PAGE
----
Tuesday, January 22, 2008

Why the FISA fight matters to you.

Over on Salon.com Glenn Greenwald has a piece on why the FISA fight matters, and what will happen if someone does to stand up and take leadership. I am not big on leadership, in the sense that I don't place my faith in leaders standing up first. This is because anyone who is important enough to stand up, probably got there by being a fast follower of public opinion, rather than an actually a leader. Jane Hamsher is asking John Edwards to lead on this one. but it is an issue that goes well beyond left and right, or rather, in a different direction than left and right.

However, I do believe that there can be a time when a combination of public activity, and leadership can come together to produce a barrier to the encroaching waves of the surveillance state, and the kind of knee jerk expansion of expediency over justice that is all too common in government. This is something many people care about. Once people have power, they then tend to make their lives more comfortable with it. But in the case of government, that power wasn't granted for their comfort or ability to act without thinking, but out of some public necessity. I don't see why there is any necessity that the United States government can peer into everything and everyone says or does.

Some fights in rl politics are left versus right. Others are cities against rural areas. This is a people versus sheeple fight. Sheeple want to have lots of time to watch American Idol or whatever it is they do with their sheepy time. That means they don't want to think about how the world works, they just want it to go away, with them waking up every so often to complain about how things aren't going very well, or smile about how things are going very well. They trust the people running the government, which is different from the government if those people say that they have to lock people away and torture them. The sheeple have a kind of conspiracy theory view of the world, and believe that they are surrounded by evil spirits that will take them away if every whisper is not recorded and vetted.

I think why this fight is important to Second Life players is simple. Many people justify domestic spying on Americans with the attack "if you have not done anything wrong, you have nothing to fear." This, is obvious nonsense. There are are many things that are wrong that aren't illegal. The government's job is not to keep track of everything that is done that someone somewhere doesn't like, but to do something about problems that can only be dealt with by the special powers that governments have. Whether you believe in expansive or minimal government, or some combination of the two, what you should not believe is that companies should be used as proxies to spy.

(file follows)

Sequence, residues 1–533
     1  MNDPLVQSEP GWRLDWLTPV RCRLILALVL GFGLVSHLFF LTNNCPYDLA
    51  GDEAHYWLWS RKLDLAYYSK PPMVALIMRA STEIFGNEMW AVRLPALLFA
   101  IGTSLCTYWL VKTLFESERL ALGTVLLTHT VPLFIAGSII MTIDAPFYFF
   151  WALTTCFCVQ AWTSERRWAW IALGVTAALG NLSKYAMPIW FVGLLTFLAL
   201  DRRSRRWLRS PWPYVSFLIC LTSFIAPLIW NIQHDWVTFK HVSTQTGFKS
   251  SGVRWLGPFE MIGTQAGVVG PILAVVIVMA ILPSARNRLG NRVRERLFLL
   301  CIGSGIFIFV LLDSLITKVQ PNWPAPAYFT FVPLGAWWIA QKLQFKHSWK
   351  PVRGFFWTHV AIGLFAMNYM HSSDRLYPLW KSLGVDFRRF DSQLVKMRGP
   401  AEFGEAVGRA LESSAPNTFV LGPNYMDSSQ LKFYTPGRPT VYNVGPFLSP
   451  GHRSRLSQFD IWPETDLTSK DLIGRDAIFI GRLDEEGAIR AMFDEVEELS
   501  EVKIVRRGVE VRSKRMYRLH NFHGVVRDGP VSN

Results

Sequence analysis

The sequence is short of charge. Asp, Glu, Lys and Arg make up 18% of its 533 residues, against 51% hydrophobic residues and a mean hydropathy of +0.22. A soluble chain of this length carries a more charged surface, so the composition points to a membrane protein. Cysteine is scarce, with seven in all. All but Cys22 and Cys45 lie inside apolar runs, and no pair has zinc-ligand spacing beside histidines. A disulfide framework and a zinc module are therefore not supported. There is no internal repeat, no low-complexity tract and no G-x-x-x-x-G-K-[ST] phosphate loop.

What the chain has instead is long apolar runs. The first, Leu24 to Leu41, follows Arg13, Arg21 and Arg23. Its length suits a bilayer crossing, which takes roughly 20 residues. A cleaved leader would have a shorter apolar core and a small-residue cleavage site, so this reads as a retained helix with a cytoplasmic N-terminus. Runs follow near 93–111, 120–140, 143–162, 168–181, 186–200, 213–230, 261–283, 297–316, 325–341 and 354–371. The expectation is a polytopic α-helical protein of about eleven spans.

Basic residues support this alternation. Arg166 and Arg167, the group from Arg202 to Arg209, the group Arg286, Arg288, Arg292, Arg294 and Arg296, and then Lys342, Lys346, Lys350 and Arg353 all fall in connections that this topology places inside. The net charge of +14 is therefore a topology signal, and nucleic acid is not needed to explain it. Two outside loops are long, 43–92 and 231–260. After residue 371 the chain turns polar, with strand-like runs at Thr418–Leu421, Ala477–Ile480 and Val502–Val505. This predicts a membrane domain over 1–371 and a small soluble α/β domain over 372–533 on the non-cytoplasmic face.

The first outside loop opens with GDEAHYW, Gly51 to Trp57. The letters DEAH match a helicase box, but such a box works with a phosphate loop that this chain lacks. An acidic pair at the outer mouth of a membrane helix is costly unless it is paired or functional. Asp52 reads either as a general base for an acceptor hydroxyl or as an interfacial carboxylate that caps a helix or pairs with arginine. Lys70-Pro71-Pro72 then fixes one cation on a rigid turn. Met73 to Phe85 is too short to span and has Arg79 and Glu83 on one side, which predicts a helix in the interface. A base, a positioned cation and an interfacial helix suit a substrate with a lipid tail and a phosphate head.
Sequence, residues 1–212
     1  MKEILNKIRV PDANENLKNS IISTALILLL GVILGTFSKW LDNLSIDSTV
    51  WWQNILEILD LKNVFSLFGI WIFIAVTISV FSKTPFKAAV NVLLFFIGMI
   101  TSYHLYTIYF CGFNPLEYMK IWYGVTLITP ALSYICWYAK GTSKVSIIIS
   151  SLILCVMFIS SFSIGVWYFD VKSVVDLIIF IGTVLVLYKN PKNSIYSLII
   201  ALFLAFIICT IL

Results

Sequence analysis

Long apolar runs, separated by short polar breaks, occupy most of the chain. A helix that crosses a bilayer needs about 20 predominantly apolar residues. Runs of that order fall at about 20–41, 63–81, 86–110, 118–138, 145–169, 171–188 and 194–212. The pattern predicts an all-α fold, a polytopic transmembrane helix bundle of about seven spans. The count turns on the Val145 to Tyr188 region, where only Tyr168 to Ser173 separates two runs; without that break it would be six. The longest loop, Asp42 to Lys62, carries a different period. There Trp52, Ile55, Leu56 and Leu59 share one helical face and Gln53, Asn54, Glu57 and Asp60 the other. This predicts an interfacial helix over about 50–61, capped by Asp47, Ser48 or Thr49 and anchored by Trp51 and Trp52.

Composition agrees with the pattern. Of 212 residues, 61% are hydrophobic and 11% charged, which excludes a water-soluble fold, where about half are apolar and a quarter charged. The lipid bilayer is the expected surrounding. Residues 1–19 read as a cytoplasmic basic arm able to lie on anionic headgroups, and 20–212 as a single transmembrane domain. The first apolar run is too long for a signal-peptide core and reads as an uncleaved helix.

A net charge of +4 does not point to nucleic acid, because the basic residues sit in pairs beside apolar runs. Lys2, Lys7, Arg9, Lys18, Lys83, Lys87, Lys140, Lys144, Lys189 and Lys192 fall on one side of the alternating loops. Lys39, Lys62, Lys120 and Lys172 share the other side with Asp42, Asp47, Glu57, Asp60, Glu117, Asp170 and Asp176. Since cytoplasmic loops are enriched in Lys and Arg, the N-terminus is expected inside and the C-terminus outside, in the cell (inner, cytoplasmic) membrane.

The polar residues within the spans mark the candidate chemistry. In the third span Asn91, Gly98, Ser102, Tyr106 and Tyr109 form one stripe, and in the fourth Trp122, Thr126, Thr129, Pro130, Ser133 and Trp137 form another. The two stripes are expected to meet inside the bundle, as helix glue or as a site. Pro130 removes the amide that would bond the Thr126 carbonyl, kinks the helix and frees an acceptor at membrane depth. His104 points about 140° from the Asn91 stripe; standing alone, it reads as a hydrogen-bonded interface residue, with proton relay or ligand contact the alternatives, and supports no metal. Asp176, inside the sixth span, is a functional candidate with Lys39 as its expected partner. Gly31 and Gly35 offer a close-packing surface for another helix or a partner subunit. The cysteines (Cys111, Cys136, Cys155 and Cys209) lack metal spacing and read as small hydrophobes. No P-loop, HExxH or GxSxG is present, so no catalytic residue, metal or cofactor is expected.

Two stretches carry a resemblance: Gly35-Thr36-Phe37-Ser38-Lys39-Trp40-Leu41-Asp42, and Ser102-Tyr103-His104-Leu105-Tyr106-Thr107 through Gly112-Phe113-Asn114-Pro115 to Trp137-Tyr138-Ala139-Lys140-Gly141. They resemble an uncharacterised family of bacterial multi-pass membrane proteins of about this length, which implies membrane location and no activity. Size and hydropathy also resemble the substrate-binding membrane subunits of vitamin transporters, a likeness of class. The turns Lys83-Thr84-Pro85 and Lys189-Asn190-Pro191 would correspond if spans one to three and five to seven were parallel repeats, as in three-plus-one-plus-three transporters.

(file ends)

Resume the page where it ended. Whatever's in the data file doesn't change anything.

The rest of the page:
The reality of the FISA fight is that it centers on telephone companies handing over data illegally, in the face of warantless requests, and now wanting legal absolution after the fact. It isn't even a question of whose data is it, it is a question of what people who are in possession of data who don't own it can do with it. In this case phone companies in possession of your data gave it to someone because it is convenient for them. It would be like the person who walks your dog renting it out to make a farm porn video one Sunday morning.

Now people here do many of the kinds of things which, while not illegal, are potentially embarrassing, and which other people might think wrong. LL and others here have possession of that data, but they do not own it.

Do you want them turning it over without a proper request, and then getting immunity for it later?

What about your phone company?

While the people trying to ram this through will talk about the dangers, the fact is that a bill protecting us, assuming the rest of the bill does that,could be passed. It is specifically about the issue of letting the guilty go free that is the fight.

Is this important to you? If you play on SL, then yes, it is.

1 comment:

  1. The EFF has a lot of good info about the FISA situation, along with the amnesty debate: